WOODBURY — Wolf Spirit Wellness and Counseling Center, 670 Main St. South, offers both traditional, evidence-based mental health counseling and alternative therapies. When speaking to Voices, Jewelz Levesque, LPC, MSHSV, FMHC,CCTP, CFTP, ACS, described this approach to healing: “We incorporate Reiki or energy work, meditation, drumming and hypnosis into our sessions so people learn to relax.

“People who come to us have usually experienced trauma, including the veterans we treat. When we teach them how to relax, it changes how they see the world and they’re able to function on a different level.”

She said that techniques like drumming and eye movement desensitization and reprocessing (EMDR) can provide clients with tools they can use in the course of the day.

“They may be triggered, but now know they can close their eyes, take a deep breath and put their feet in grass so the body calms down,” she said.

The center specializes in Post Traumatic Stress Disorder, Cluster B or narcissistic, borderline, anti-social and histrionic personality challenges, bariatric counseling and more.

Ms. Levesque said, “We don’t sit with pad and paper, taking notes. We need to be actively listening to our clients and the act of writing down a word can derail a whole train of thought if a client wonders what was written down. We have an approach that makes people feel more comfortable.”

The center provides assistance for individuals, couples, families and groups in the office, virtually or, as appropriate, in the home.

The Zen Den is where children can engage in play, art, music, and other therapies.

“The youngest client is about 3 years old and the oldest is maybe 85,” Ms. Levesque said. “I believe our job on this planet is to learn. In every adversity or challenge, we have to find the lesson and process that information in order to go forward. If we don’t learn, we keep repeating mistakes.”

She admitted, “It took me 12 bosses to learn that I should work for myself.”

Ms. Levesque and her husband, The Rev. Nagi Mato, B.S., founded Wolf Spirit Wellness and Counseling Center.

“When we first met, I couldn’t pronounce his full Lakota name, which was given to him as he worked with Lakota elders and means Wolf Spirit Warrior. So, I called him Nagi. There is Native American, from Canada, on my father’s side.

“Since we’ve both been drawn to that culture, we decided that would be a good name for the practice, to help people understand we’re not just traditional.”

Nagi Mato holds a bachelor’s degree in alternative medicine.

His wife explained, “His path as a fitness trainer and massage therapist has brought him to where he works with herbs and tinctures to help people get into that relaxed space. He’s not a clinician, but offers a considerable amount of input on how to help our clients.

“Everyone at Wolf Spirit is a family and works together,” Ms. Levesque said. “During our staff meetings, we go over housekeeping and talk about clients in what I call group supervision. It’s a different approach to family and couples counseling, where there is always more than one clinician participating.”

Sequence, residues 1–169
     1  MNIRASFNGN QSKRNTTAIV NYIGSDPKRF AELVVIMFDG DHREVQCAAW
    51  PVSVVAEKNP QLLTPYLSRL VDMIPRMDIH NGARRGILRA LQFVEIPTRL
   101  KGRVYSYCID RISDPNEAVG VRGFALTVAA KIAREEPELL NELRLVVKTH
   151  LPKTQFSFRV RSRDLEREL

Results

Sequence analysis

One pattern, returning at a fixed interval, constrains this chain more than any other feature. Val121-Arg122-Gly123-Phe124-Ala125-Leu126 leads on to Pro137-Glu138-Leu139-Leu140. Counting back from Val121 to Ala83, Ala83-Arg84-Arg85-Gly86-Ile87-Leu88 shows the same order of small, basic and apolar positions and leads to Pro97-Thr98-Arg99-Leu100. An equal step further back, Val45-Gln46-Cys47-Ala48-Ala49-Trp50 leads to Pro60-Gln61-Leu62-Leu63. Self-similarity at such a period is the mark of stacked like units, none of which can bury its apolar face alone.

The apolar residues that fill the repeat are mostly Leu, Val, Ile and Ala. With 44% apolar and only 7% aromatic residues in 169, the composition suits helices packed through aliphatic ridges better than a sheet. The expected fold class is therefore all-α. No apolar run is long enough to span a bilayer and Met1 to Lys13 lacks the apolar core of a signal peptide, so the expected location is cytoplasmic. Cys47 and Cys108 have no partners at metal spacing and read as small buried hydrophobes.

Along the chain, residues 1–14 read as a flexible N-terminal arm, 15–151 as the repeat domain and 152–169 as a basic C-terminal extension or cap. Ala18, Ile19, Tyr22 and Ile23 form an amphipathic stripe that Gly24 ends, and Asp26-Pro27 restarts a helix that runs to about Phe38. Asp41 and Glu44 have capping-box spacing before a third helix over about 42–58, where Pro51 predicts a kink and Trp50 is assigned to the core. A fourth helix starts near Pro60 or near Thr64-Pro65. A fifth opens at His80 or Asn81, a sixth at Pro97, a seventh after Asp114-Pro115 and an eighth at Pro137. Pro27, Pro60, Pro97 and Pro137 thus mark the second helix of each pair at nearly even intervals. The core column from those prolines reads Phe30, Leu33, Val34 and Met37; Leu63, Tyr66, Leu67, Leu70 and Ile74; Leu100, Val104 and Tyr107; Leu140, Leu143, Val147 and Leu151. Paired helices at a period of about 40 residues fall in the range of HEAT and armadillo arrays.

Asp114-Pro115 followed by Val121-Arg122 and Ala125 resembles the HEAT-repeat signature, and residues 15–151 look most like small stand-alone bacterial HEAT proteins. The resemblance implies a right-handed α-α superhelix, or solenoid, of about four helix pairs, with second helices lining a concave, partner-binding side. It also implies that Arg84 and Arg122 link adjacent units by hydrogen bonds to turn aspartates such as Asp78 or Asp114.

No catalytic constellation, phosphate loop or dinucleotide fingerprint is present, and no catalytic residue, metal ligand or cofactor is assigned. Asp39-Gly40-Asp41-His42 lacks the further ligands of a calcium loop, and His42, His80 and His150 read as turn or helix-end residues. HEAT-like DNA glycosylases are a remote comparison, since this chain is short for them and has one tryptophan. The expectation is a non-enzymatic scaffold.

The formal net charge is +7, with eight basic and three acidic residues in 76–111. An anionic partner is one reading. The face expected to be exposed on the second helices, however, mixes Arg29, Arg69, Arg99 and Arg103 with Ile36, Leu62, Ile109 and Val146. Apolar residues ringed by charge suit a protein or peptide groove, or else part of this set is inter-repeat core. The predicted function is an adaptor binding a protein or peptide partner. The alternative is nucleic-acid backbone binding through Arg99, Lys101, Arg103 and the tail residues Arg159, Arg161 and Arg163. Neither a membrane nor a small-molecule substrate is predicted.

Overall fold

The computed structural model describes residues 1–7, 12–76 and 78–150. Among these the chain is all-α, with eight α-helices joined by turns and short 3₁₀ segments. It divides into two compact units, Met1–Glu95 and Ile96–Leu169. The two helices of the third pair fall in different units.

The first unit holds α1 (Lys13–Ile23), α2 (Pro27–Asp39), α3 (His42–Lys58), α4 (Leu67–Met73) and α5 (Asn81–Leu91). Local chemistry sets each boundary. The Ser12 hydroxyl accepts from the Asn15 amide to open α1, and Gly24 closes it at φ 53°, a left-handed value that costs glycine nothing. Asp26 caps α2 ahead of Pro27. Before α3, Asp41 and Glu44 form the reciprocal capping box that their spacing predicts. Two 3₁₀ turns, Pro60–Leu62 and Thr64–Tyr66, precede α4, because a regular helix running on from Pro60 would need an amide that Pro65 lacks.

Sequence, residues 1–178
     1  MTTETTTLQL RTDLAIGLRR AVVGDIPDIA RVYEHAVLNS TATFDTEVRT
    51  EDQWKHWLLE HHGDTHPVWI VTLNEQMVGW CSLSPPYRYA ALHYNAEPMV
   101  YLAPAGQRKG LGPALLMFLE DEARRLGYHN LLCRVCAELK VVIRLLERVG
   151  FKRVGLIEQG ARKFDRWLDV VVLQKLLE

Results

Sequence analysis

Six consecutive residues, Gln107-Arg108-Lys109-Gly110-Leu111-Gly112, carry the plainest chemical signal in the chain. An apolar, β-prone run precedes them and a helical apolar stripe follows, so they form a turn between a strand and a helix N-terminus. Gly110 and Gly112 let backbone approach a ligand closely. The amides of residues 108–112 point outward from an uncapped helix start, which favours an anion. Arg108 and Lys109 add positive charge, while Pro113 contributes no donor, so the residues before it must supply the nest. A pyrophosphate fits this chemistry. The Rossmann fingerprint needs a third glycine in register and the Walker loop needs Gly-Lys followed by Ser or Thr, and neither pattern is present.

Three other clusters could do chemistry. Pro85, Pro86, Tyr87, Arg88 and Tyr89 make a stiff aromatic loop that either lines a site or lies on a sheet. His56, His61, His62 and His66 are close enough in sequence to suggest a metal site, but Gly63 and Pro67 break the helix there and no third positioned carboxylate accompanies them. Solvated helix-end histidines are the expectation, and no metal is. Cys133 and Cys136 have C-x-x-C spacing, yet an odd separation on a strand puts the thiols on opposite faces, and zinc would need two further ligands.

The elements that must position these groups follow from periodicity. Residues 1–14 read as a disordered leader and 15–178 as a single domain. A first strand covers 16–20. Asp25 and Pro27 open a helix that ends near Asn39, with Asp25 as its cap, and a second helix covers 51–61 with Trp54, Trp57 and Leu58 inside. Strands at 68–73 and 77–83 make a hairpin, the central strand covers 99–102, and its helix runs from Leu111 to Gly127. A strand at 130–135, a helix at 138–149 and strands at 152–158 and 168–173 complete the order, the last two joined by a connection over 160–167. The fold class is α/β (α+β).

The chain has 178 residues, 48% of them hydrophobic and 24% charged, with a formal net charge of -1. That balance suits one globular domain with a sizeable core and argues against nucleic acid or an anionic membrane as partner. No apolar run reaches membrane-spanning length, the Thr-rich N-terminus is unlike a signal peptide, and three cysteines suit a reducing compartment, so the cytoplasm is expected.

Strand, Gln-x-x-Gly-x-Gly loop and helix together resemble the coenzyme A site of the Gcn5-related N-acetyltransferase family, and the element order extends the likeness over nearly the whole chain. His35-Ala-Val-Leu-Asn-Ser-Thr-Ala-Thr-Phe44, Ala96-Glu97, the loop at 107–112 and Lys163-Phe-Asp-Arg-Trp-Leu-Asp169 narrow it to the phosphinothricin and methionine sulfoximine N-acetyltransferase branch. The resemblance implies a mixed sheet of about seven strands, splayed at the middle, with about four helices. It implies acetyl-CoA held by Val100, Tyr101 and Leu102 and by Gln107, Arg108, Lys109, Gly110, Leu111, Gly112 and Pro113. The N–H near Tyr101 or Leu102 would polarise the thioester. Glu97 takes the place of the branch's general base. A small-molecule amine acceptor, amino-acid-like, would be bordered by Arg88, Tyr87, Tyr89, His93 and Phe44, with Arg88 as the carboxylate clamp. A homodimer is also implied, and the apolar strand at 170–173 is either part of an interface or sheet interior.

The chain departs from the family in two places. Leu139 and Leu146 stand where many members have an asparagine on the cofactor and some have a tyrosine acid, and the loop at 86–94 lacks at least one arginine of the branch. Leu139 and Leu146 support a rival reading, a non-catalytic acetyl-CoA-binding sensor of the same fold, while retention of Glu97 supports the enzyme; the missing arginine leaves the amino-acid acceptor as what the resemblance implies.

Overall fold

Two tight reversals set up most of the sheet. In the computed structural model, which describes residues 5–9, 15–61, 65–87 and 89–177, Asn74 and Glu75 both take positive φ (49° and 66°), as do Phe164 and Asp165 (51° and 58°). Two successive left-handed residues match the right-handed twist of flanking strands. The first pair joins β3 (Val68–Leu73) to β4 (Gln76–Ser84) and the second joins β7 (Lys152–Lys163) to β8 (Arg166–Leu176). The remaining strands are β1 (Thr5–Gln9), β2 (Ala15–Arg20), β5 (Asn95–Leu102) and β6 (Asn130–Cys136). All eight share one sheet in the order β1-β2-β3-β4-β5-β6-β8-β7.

For example, in couples counseling, each party has an individual counselor.

“You have to work on yourself and not just the problem,” Ms. Levesque explained. “Usually, both think the other one is the problem. Then, when it’s time to talk as a couple, the two clinicians will be present so everyone feels represented. Same with families, though it’s not practical to have 10 clinicians in the room. There, we may have one clinician for the kids and one for the parents. I’m a stickler for this because I want everyone to feel someone is in their corner.”

An APRN is also available to support clients who need medication or are leaving a hospital setting to ensure a continuum of care. The center works with hospital discharge planners and school systems.

Of her own background, Ms. Levesque said, “I was a psychiatric nurse for almost 30 years and I use my credentials because it makes people feel safe. But it doesn’t make me any different. The work I’m doing now is the most fulfilling work I’ve done and gives me the most satisfaction.

“It’s also the most frustrating because there is a lot of paperwork and referrals. That’s not necessarily the work I like the most, but I know how to do it and it’s my job so I do it. Being with clients is more rewarding and I like it when they have their epiphany. That’s awesome.”

She added, “I do this because my soul is in servitude. I learned a long time ago that I want to help people and teach them as much as I can so they have a better life.”

There is no waiting list at Wolf Spirit Wellness and Counseling Center.

“If someone is reaching out for help, I want them to have it,” Ms. Levesque said. “Covid-19 has been hard on everyone from a mental health perspective and we’re busy but anyone in crisis will not be turned away.”

Pointing out that the office is in a retail location, Ms. Levesque said she installed a buzzer system to help protect clients’ privacy. “Since we opened, we’ve expanded considerably and now have an open position for another clinician.”

All clinicians go through a trauma orientation, including students who come to Wolf Spirit Wellness and Counseling Center for their practicums. “We’re here to help.”

More information about the center is available at www.wolfspiritwellness.org and Facebook.

Appointments may be made by calling 203-263-3175.

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